EXECUTIVE INTERVIEW – inVibe: Changing the Research Game With Voice
Fabio Gratton began his career as a Hollywood scriptwriter. There, he learned that storytelling is difficult, but can be made easier by listening to people to discover their innermost needs and desires. And when he co-founded his first healthcare marketing company about 15 years ago, he quickly realized that pharma had an enormous unmet need — listening to patients and their impassioned stories about illness, treatment, and recovery.
Fast forward to inVibe, a voice research company founded in 2013 (and as of January 2022 has become a division of THREAD), where Gratton, as CEO, has applied this same empathy to market research. Somewhere between traditional quantitative (e.g., online surveys) and qualitative (e.g., focus groups and in-depth interviews) research was a gap where patients were not being sufficiently heard. He realized that innovative uses of digital technology could be adapted to collect, analyze, and deliver these stories back to clients.
Drug Development & Delivery recently spoke with Gratton about patient-focused drug development (PFDD), inVibe’s language model, and the value this technology brings to a patient’s treatment journey.
Q: What progress has been made in patient-focused drug development and what are the continued challenges?
A: The good news is that numerous governmental and industry-based initiatives have spawned a new era in patient-focused drug development. Although just getting started, PFDD has documented approaches to data collection, identified best practices and benefits/risk tradeoffs, and analyzed input on patient communications preferences
These efforts tap into the reality that patients are willing and oftentimes enthusiastic to share their feelings about the disease burden and their treatment journey with experts, and actively assist with the generation of evidence and actionable data. Unfortunately, company culture, limited cross-functional collaboration, and leadership hesitancy can create barriers for organizations. But even if those challenges are circumvented, the listening process itself is difficult and demands a new approach.
Human communication is messy. At inVibe, we realized early on that even after we got patients to share their deepest thoughts and feelings, we had another problem: How to extract key insights we could then report back to clients in a way that offers a chance to ask more questions, and provide actionable recommendations.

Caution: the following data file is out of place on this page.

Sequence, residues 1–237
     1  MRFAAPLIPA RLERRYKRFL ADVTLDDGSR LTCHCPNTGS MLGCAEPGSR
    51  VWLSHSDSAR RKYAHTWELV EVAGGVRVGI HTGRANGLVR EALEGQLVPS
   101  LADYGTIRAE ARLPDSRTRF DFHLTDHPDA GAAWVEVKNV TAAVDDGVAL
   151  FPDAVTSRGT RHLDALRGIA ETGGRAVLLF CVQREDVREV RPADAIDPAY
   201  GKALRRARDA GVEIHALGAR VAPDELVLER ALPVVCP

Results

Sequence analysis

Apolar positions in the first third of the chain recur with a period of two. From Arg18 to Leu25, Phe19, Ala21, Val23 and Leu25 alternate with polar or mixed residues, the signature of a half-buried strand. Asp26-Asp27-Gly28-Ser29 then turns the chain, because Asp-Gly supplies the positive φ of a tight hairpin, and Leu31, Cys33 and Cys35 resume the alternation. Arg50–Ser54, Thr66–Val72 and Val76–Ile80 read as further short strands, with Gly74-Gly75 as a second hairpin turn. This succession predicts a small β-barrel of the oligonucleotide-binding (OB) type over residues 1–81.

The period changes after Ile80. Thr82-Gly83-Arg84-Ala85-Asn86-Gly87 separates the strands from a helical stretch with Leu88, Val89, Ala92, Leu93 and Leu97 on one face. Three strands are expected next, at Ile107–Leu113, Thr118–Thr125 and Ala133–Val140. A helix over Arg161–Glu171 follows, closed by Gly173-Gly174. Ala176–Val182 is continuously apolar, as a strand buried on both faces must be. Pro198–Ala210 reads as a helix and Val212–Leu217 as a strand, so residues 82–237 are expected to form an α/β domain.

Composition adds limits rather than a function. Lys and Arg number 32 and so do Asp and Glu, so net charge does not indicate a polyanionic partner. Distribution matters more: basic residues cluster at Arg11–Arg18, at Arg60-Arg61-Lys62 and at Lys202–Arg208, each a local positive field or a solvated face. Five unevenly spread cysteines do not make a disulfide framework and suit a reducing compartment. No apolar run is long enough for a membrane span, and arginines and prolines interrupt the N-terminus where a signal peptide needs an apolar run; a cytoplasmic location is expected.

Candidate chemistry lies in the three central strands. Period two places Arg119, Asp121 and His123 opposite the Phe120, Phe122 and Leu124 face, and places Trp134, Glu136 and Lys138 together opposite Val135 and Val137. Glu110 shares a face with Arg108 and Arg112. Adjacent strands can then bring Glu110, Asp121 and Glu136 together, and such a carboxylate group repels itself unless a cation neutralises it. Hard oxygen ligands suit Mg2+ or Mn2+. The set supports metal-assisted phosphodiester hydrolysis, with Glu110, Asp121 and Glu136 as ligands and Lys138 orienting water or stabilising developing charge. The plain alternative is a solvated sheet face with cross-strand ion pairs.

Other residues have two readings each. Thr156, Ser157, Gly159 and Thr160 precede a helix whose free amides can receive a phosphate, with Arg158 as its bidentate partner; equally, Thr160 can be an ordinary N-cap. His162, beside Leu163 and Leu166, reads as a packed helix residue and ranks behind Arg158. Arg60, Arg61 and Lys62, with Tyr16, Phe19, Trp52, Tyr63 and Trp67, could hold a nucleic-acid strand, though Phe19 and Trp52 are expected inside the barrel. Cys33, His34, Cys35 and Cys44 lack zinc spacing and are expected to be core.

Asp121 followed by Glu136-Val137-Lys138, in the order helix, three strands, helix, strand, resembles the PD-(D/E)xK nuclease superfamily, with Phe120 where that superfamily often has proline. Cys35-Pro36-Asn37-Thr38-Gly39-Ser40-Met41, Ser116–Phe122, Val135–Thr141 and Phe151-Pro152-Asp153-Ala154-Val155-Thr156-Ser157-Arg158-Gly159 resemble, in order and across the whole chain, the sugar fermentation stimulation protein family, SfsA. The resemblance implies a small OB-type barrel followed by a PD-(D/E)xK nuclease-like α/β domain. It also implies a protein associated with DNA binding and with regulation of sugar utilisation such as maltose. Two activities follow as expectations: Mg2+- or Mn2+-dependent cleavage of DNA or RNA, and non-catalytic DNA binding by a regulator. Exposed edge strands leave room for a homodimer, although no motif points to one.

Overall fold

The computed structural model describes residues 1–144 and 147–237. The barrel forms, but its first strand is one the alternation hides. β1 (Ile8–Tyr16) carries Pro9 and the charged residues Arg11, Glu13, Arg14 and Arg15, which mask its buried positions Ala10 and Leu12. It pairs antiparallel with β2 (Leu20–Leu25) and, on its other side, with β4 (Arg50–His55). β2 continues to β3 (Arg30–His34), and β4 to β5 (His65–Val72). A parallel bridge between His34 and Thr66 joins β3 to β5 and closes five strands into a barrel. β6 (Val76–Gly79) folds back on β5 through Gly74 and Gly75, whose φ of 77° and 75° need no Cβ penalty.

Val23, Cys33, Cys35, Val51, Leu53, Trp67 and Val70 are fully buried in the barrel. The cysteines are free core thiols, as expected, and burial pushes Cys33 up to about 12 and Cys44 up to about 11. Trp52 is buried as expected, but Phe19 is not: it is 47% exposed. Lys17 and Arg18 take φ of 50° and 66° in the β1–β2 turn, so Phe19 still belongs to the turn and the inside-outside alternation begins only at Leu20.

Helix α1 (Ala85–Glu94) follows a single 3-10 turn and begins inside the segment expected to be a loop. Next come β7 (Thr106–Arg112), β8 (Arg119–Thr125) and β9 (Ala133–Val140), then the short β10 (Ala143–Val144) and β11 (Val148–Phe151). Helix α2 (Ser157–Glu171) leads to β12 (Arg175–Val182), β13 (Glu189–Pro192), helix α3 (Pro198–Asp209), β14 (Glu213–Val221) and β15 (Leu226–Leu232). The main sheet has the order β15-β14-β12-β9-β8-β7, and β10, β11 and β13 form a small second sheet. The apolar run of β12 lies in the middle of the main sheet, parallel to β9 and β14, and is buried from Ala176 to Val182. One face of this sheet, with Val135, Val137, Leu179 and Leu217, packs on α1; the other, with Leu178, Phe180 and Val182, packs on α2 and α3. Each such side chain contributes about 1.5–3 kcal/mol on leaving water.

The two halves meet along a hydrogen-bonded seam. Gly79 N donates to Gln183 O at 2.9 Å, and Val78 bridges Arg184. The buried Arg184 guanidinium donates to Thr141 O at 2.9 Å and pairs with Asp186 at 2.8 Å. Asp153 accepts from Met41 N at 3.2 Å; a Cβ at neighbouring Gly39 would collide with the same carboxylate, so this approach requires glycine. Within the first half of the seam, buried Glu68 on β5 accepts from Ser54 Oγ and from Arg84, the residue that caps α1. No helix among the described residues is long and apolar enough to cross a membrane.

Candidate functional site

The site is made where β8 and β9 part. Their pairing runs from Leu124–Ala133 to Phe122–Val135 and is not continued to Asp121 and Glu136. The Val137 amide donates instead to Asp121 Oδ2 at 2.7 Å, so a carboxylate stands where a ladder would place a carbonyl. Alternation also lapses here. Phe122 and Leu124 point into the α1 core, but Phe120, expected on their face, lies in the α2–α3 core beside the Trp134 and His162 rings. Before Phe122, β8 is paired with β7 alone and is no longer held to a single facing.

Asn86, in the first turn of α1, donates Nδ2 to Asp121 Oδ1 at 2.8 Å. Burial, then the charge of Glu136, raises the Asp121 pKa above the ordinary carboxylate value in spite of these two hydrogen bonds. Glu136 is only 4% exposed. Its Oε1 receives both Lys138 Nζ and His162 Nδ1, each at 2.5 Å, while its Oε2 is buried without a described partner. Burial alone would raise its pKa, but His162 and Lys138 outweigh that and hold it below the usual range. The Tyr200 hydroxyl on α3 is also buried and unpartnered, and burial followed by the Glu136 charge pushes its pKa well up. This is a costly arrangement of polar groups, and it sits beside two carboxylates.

Q: What is GPT-3 technology and how is it extracting those key insights?
A: Our solution is a combination of human expertise and next-gen technology. Trained linguists sort through the data and help organize it; and the latest machine learning algorithms, such as Generative Pre-trained Transformer 3 (GPT-3) enable unprecedented semantic analysis and search capabilities. Our clients benefit from a more thorough analysis and dynamic reporting, fulfilling our mission for clients to actually hear from patients and listen to them, rather than merely process and regurgitate data.
GPT-3 technology was created by OpenAI and is the most expansive machine learning model of its kind. Without exaggeration, the tech literally scans nearly the entire Internet to contextualize and extract meaning from our voice data inputs. The richness of qualitative data is also what can make organizing and processing that data such a challenge. With GPT-3, we are able to design algorithms for specific tasks that reduce busy work and allow analysts to quickly get to meaningful insights.
Q: How is inVibe using GPT-3 technology?
A: By integrating GPT-3 technology, we have developed an algorithm to identify and extract patient concerns from open-ended questions that lead to increasingly specific and nuanced answers — often revealing concerns never before considered. With our machine learning capabilities and human-powered linguistic analysis, the industry has an unprecedented opportunity to listen to and extract key insights from patients throughout the drug development process. This mitigates potential downstream setbacks, and proactively enables study designers to focus on the needs and concerns of patients before drugs even hit the market.
To cite a specific use case, we recently applied the firepower of GPT-3 to the lupus clinical trial landscape, seeking to reveal patients’ preferences for study design and endpoints, and comprehension of patient-facing study materials. By offloading these tasks to a powerful language model, we were able to reveal rich qualitative insights in a much more streamlined fashion. Our technology worked like this: Patients were recruited and screened directly from their own smartphones; they viewed stimuli; listened to automated open-ended questions; responded by simply speaking; then their voice responses were analyzed using a combination of sophisticated software and human expertise. The results were shared with the client through dynamic dashboards that revealed key insights, and suggested actionable recommendations for the brand team.